It was the day war broke out.
Now a long-forgotten newspaper reporting the outbreak of World War Two is providing a fascinating history lesson for the grandchildren of Moldgreen woman Elizabeth Hall.
She said grandsons Oliver, 12, Adam, nine and Matthew, seven, had been engrossed in the copy of the Daily Herald – dated Monday, September 4, 1939 – with its front page headline: War Declared by Britain & France.
The front page lead story reports the declaration of war by Prime Minister Neville Chamberlain and “Britain’s resolution to defend Poland against Nazi aggression” while other stories include ones bringing the latest news of Luftwaffe bombing raids on Polish cities, King George VI’s radio broadcast to the nation and the appointment of a nine-strong war cabinet at 10 Downing Street.
Elizabeth said she came across the complete edition of the paper – priced one penny – while hunting for a crochet pattern among boxes of items that had belonged to her late parents, Georgina and Roland Cunningham.
But she said it was probably her grandparents, Elizabeth and George Starbuck, who lived at Crosland Moor, who had decided to keep the newspaper because of the significance of the events being reported.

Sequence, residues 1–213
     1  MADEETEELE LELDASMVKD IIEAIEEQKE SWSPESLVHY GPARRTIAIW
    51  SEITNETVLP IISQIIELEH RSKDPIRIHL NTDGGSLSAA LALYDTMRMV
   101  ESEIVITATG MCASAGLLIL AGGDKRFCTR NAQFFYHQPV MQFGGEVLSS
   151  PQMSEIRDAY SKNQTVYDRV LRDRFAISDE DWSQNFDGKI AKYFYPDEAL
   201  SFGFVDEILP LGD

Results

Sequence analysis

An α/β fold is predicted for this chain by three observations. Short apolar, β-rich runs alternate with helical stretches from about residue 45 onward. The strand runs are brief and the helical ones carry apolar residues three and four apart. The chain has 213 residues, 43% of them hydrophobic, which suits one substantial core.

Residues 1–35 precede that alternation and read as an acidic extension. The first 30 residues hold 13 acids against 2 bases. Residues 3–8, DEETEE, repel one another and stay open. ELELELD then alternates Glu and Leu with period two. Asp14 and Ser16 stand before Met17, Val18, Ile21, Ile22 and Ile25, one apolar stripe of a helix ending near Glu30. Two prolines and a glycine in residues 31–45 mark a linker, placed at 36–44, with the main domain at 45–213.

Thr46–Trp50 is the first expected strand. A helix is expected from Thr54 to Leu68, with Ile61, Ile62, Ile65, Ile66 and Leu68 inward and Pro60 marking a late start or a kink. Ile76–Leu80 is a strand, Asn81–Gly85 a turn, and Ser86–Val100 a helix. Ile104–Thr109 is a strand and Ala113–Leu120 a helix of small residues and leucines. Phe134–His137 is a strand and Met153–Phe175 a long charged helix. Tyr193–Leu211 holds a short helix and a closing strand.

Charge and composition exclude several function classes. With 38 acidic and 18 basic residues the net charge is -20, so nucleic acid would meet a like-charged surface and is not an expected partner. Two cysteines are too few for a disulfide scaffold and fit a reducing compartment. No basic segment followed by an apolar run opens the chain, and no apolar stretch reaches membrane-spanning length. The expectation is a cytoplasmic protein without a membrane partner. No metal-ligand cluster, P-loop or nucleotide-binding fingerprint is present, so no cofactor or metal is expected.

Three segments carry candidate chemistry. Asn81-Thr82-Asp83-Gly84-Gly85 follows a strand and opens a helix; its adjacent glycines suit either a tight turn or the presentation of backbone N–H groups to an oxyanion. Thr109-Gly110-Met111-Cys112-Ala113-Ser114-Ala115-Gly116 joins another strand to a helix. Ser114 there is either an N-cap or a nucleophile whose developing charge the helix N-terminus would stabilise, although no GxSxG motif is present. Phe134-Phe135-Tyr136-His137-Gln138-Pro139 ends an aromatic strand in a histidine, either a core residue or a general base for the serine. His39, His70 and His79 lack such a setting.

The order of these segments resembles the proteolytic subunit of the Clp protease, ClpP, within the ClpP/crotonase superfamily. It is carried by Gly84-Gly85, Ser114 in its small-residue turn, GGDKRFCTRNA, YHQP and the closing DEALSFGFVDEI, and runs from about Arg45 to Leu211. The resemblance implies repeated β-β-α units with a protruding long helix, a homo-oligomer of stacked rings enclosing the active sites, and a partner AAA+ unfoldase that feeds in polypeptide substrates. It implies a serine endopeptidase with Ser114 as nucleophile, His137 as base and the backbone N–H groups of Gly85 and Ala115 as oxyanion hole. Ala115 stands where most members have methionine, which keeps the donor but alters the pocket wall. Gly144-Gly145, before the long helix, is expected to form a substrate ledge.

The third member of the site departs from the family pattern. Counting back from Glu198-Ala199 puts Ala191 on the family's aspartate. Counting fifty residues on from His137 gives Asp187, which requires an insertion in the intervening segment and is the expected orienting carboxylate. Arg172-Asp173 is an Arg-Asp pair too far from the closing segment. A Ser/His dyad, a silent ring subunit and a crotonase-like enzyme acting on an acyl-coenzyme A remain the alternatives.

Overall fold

Said Elizabeth: “My mother’s stuff is kept in a lot of big boxes and I haven’t had the heart to sort through them properly since she died. I was looking for a crochet pattern and I wondered if there would be one among my mum’s stuff.
“I found the newspaper folded in an envelope and I was amazed. My grandparents had obviously decided to keep it because it’s a significant date. It’s a bit damaged in places, but it’s all there.”
As well as the serious war news, the paper includes adverts for products such as HP sauce – and Elizabeth said her grandchildren were puzzled by the pre-decimal prices.
Elizabeth’s grandfather died in 1945, sadly shortly after Georgina and Roland’s marriage in August of that year, while her grandmother died in 1954.
And the war so graphically reported in the Daily Herald soon touched Elizabeth’s parents with Roland serving as a navigator with the RAF while Georgina worked at a bomb-filling factory in Stafford.
Elizabeth, who worked for Kirklees social services before retiring, said she was now seeking a new home for the historic newspaper. “I’d like it to go to someone who would appreciate it,” she said. “Perhaps it could go to a museum.”